First Class: Women Join the Ranks at the Naval Academy

Sharon Hanley Disher, Author
Sharon Hanley Disher, Author US Naval Institute Press $34.95 (264p) ISBN 978-1-55750-165-3
Reviewed on: 12/29/1997
Release date: 01/01/1998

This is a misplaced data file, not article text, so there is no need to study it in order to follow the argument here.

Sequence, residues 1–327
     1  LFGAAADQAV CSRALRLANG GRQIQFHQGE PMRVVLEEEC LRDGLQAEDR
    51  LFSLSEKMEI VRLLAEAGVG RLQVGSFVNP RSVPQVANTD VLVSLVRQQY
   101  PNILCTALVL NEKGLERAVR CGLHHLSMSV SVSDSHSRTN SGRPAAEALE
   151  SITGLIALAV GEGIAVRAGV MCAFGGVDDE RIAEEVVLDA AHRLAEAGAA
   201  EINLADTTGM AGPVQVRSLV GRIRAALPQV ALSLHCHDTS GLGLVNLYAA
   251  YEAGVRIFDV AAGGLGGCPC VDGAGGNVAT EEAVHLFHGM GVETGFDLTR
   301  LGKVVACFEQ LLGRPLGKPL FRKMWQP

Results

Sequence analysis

In the summer of 1976, Disher was among the 81 women who were the first females to enter the hallowed U.S. Naval Academy. Disher stuck out the tough regimen and graduated with her class, then served in the Navy Civil Engineer Corps. Here, she recounts what it was like for that first group of Naval Academy women: ""I write this book to document history,"" she states. Following the group on a near-daily basis, Disher reports not her own experience but that of two classmates, Sarah Becker and Kate Brigman. The women endure the predictable embarrassments and goofs at the hands of an institution unaccustomed to having females in its midst. They must announce their bra sizes to attendants passing out military-issue everything. They must march and run while wearing three-inch heels, and must endure the taunts of male classmates furious at having their bastion invaded. Eventually, Becker begins an illicit relationship with an upperclassman that could jeopardize their fledgling Navy careers. Rather than examine why two young people would place themselves at such risk, however, and what that meant regarding Becker's role as a pioneering female, Disher reports the affair in bodice-ripping detail: ""He stood beside her, slim, tanned and shirtless.... She tried not to stare at the soft, thin line of hair growing from his belly button to the top of his fly...."" The adventures of Brigman are accorded similar treatment. Neither of these women will feel repercussions from appearing in Disher's narrative, however. It turns out that Becker is a pseudonym, and Brigman is a composite character. This is a disappointing work, with too much adolescent fantasy romance mixed into its history. (May)
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